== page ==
H2O’s data celebrities work on the company’s products, providing both expertise and a marketing boost akin to a sports star endorsing a sneaker. “When we send a grandmaster to a customer call their entire data-science team wants to be there,” Ambati says. “Steve Jobs had a gut feel for products; grandmasters have that for data.” Jeremy Achin, cofounder of startup DataRobot, which competes with H2O and also has hired grandmasters, says high Kaggle rankings also help weed out poseurs trying to exploit the data-skills shortage. “There are many people calling themselves data scientists who are not capable of delivering actual work,” he says.

Competition between people like Ambati and Achin helps make it lucrative to earn the rank of grandmaster. Michailidis, who works for Mountain View, California-based H2O from his home in London, says his salary has tripled in three years. Before joining H2O, he worked for customer analytics company Dunnhumby, a subsidiary of supermarket Tesco.

Large companies like Kaggle champs, too. An Intel job ad posted this month seeking a machine-learning researcher lists experience winning Kaggle contests as a requirement. Yelp and Facebook have run Kaggle contests that dangle a chance to interview for a job as a prize for a good finish. The winner of Facebook’s most recent contest last summer was Tom Van de Wiele, an engineer for Eastman Chemical in Ghent, Belgium, who was seeking a career change. Six months later, he started a job at Alphabet’s artificial-intelligence research group DeepMind.

H2O is trying to bottle some of the lightning that sparks from Kaggle grandmasters. Select customers are testing a service called Driverless AI that automates some of a data scientist’s work, probing a dataset and developing models to predict trends. More than 6,000 companies and people are on the waitlist to try Driverless. Ambati says that reflects the demand for data-science skills, as information piles up faster than companies can analyze it. But no one at H2O expects Driverless to challenge Titericz or other Kaggle leaders anytime soon. For all the data-crunching power of computers, they lack the creative spark that makes a true grandmaster.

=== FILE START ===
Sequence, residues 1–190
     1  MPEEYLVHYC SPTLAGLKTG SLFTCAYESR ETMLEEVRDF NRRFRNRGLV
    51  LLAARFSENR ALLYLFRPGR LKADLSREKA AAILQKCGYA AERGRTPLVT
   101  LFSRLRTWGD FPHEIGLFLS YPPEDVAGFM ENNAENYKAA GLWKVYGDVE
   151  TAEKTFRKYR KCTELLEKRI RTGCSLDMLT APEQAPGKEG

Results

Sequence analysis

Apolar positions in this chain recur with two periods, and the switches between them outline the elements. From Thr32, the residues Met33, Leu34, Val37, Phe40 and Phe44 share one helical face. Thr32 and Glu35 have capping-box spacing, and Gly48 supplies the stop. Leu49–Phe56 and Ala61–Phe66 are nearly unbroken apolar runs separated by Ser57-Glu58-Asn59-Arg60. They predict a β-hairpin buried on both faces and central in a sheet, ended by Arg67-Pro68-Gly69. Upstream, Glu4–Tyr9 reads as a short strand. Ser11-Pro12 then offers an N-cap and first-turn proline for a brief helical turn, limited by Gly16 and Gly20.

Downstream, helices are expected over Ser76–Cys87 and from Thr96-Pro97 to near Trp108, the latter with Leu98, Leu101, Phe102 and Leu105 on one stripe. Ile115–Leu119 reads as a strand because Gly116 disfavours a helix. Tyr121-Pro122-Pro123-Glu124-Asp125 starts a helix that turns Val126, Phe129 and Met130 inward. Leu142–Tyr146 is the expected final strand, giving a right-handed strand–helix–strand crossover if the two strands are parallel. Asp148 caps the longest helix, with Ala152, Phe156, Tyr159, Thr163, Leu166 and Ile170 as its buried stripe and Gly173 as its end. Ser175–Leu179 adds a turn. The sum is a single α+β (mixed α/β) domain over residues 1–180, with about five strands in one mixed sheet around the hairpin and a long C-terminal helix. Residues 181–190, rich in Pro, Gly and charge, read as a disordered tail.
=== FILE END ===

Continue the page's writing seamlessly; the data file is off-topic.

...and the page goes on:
“If you work on a data problem in a company you need to talk with managers, and clients,” says Stanislav Semenov, a grandmaster and former number one in Moscow, who is now ranked second. He likes to celebrate Kaggle wins with a good steak. “Competitions are only about building the best models, it’s pure and I love it.” On Kaggle, data analysis is not just a sport, but an art.

Tech

Deloitte Is the Latest Target of a Cyber Attack With Confidential Client Data at Risk

Global accountancy firm Deloitte has been hit by a sophisticated hack that resulted in a breach of confidential information and plans from some of its biggest clients, Britain’s Guardian newspaper said on Monday.

Deloitte—one of the big four professional services providers—confirmed to the newspaper it had been hit by a hack, but it said only a small number of its clients had been impacted.

The firm discovered the hack in March, according to the Guardian, but the cyber attackers could have had breached its systems as long ago as October or November 2016.

The attack was believed to have been focused on the U.S. operations of the company, which provides auditing, tax advice, and consultancy to multinationals and governments worldwide.

“In response to a cyber incident, Deloitte implemented its comprehensive security protocol and began an intensive and thorough review including mobilizing a team of cybersecurity and confidentiality experts inside and outside of Deloitte,” a spokesman told the newspaper. “As part of the review, Deloitte has been in contact with the very few clients impacted and notified governmental authorities and regulators.”

A Deloitte spokeswoman declined immediate comment, saying that the firm would issue a statement shortly.

Tech

Bring your company’s ‘dark data’ to light with this free new tool from Tamr

All the analytics tools in the world won’t do a company much good if it doesn’t know what data it has to analyze. Tamr offers a free, downloadable tool designed to help tackle that “dark data” problem.